Recruiting, Agents and Runners: I wasn't sure where to put this, but there were a couple of interesting articles that I ran across yesterday. First up is ESPN's Dana O'Neil, who did her own anonymous college basketball coaching survey about the problems and issues that college basketball coaches face. It's an excellent and interesting read and all of this makes me consider my feelings towards Pat Knight. From all accounts, Pat Knight goes and watches these summer tournaments just like every coach, but he doesn't get involved with the AAU game and if there's one thing that hurts PK when recruiting is that he refused "to play the game". Here's what O'Neil said about what the coaches would change:
Tying in to a summer league program: Numerous coaches said that agents now have ties to specific summer league teams and that the people serving as coaches are actually already agents' runners.
Another coach, who recently coached a top-five draft pick, said that every agent who came to sign his player offered the same thing: "If you sign with me, I'll deliver you this guy and that guy. Every single one of them is tied to an AAU team. Every one. They cook the deal with the AAU coach. He gets the kid on campus and then cuts a cut."
There's something admirable about a coach that could use an asset like AAU to his benefit but because of the negative recruiting possibilities, he's refused to do so. It's not illegal, but when you deal with the AAU players and coaches, then you've bought in and there may not be a way out. This makes me proud to say that I'm associated with PK who by all accounts runs a clean program and if the cards fall correctly, then he'll lead his team to the NCAA tournament this year, but is that enough?
National Football Post's Aaron Wilson has another very interesting article about financial advisors and runners for agents that are at the center of the current NCAA scandal with North Carolina, Alabama, Florida, etc.:
Financial advisors, managers and a small number of rogue agents are providing the bulk of the extra illegal benefits in the form of plane tickets, hotels, meals and serious cash to players, according to multiple industry sources with knowledge of the situation.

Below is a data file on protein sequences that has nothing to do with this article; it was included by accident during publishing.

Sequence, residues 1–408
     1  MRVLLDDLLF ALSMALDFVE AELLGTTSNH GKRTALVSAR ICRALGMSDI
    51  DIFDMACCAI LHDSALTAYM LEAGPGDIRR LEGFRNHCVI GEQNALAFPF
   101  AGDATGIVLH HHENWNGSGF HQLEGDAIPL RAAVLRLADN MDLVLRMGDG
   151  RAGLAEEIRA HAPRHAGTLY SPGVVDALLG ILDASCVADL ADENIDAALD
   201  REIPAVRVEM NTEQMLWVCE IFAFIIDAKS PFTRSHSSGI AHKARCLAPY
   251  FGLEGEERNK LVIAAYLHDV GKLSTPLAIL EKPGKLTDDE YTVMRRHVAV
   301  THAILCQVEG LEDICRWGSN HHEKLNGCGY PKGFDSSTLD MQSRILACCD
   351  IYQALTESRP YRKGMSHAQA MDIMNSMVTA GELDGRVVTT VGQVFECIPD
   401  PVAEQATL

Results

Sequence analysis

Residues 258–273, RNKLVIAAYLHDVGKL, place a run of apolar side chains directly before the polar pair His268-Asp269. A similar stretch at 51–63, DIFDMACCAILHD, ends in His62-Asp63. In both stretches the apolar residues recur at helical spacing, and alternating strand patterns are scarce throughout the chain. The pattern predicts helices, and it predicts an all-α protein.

Unregulated by the NFL Players Association, the financial representatives, marketing people, runners and "managers" of players generally operate under the radar in an environment that has been labeled by one source as "the Wild, Wild West."
This situation, though, has grown so chaotic that what's normally regarded as business as usual is drawing much more scrutiny.
This is pretty crazy stuff. I'd love to know how a player chooses an agent / attorney / CPA / financial advisor. I'm sure that most of the players don't really have to deal with the dirty underbelly of all of this mess, but it makes me wonder how players are getting advice.
So how does it work? Each yard line has a point value assigned to it based on the average number of points an average NCAA team scores from that particular spot.
For instance, the average NCAA team scores 2.1 points when it has the ball on the 50-yard line and 2.6 points when it has the ball on its opponents' 40. So when a running back has a 10-yard run from the 50 to the opponents' 40, he is credited with 0.5 equivalent points.
Baron Batch is the top returning running back based on POE and FO's Bill Connelly had this to say about Batch's efforts:
"Batch probably benefited a bit from the fact that Tech running the ball was always unexpected, but his per-carry figures have been great at Tech. Plus, he averaged 5.5 yards per carry against Texas and Oklahoma last year, meaning his 'output versus expected' numbers are going to be pretty good."
Big 12 Preseason Stuff: CT's Dave Matter revealed who he voted for POT on offense, defense and top newcomer . . . KC Star's Mike DeArmond lays out his ballot, but also of note, he voted for Missouri to finish first, which means that the Big 12 didn't count his vote. I wonder how that feels? . . . DMN's Kevin Sherrington did a chat and answered some college questions . . . Clone Chronicles' Mark Kieffer offers his preseason thoughts . . . Rivals' Tom Dienhart looks into Oklahoma St.'s new offensive coordinator, Dana Holgorsen . . .